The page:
We also celebrated getting engaged! After seven years together Mike proposed to me on Christmas Eve morning in our home. It was so sweet and personal. We'll probably wait until Mike finishes graduate school next year before getting married but it's already been fun to chat about our wedding. Wedding! Married! Eep! I am excited.


After five days on Jost, we took a ferry back to St. John in the U.S. Virgin Islands, where we camped at Cinnamon Bay in the National Park. Cinnamon Bay is a more official campground, with designated campsites and a much busier beach, so we spent less time there and more time scuba diving and hiking.



We went diving with Low Key on the Hey Now, the same boat we were certified on two years ago. What can I say about diving that isn't already obvious… it's amazing to be so deep under the surface of the water, the ocean floor so full of weird, cool things unlike anything on land. Last year we were treated to a swim-through cave, sharks and a few eagle rays. This year we dove a shipwreck and a few reefs and had an awesome encounter with a sea turtle, who swam right up to us and casually munched on some sea grass beneath us.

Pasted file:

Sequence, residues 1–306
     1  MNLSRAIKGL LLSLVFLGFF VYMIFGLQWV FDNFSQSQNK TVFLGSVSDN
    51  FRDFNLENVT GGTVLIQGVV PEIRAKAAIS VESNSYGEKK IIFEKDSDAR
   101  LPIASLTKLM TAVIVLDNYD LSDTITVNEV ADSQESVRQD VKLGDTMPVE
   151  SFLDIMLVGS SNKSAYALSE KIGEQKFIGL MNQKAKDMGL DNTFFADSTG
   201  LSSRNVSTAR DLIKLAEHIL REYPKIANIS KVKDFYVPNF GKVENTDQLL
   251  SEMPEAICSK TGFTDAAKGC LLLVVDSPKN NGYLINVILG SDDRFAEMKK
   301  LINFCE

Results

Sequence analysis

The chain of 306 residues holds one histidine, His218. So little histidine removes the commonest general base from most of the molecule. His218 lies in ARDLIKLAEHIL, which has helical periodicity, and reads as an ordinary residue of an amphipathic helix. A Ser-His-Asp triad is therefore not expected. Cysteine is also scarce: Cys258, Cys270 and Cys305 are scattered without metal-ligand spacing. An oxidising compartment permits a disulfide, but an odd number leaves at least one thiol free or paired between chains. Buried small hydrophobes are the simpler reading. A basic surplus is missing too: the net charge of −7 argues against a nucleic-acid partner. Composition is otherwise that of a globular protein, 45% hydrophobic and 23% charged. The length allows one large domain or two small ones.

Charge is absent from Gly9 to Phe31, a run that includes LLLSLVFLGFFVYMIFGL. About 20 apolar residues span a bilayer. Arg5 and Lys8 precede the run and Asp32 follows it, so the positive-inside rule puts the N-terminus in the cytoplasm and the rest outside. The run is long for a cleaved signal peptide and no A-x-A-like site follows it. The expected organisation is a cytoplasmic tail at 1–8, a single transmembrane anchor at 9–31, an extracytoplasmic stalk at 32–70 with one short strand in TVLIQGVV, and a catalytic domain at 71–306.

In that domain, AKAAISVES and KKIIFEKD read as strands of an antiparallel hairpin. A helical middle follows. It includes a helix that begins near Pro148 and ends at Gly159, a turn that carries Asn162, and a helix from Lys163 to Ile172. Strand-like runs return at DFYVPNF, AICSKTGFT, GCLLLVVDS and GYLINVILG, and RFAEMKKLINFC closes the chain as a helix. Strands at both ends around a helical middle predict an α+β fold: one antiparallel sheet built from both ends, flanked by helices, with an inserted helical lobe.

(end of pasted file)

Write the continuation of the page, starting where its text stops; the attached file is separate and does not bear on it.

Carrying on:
After our four daytime dives, Mike talked me into doing a night dive during the full moon. I never thought I would voluntarily jump into pitch black ocean water a mile offshore at night, but someone on our day dive said "If you're going to do it, do it here and now" and the dive master said "what's the worst that could happen?" so we signed up for it, and there we were, jumping into the dark water and silently floating sixty feet below the surface only the sound of our regulators bubbling and the clicking of fish speech.

At one point I swam away from the reef, turned off my flashlight and held my breath and just stared into the infinite blackness of the sea… it was very surreal and otherworldly, and just one more reminder that facing fears almost always leads to these awesome new moments. It was a fun way to kick start the new year and I hope it will set the tone for 2015. As my friend Caitlyn said, "'tis the year of YES!"



We got home on my birthday, had a fun weekend celebrating with friends and now I'm back to work. In addition to a new sketchbook and several new paintings, I am brainstorming and planning an incredible travel art workshop happening April! All the details a little later this week… happy 2015!